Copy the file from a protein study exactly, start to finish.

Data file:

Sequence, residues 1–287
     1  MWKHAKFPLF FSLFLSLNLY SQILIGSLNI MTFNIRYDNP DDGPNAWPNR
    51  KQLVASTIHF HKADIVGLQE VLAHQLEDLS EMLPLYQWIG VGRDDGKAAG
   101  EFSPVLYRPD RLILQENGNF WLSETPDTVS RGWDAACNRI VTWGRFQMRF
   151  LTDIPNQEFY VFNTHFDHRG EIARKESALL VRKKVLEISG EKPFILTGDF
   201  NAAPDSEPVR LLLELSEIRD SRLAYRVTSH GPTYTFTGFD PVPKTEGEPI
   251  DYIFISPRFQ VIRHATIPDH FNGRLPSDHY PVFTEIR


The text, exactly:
Sequence, residues 1–287
     1  MWKHAKFPLF FSLFLSLNLY SQILIGSLNI MTFNIRYDNP DDGPNAWPNR
    51  KQLVASTIHF HKADIVGLQE VLAHQLEDLS EMLPLYQWIG VGRDDGKAAG
   101  EFSPVLYRPD RLILQENGNF WLSETPDTVS RGWDAACNRI VTWGRFQMRF
   151  LTDIPNQEFY VFNTHFDHRG EIARKESALL VRKKVLEISG EKPFILTGDF
   201  NAAPDSEPVR LLLELSEIRD SRLAYRVTSH GPTYTFTGFD PVPKTEGEPI
   251  DYIFISPRFQ VIRHATIPDH FNGRLPSDHY PVFTEIR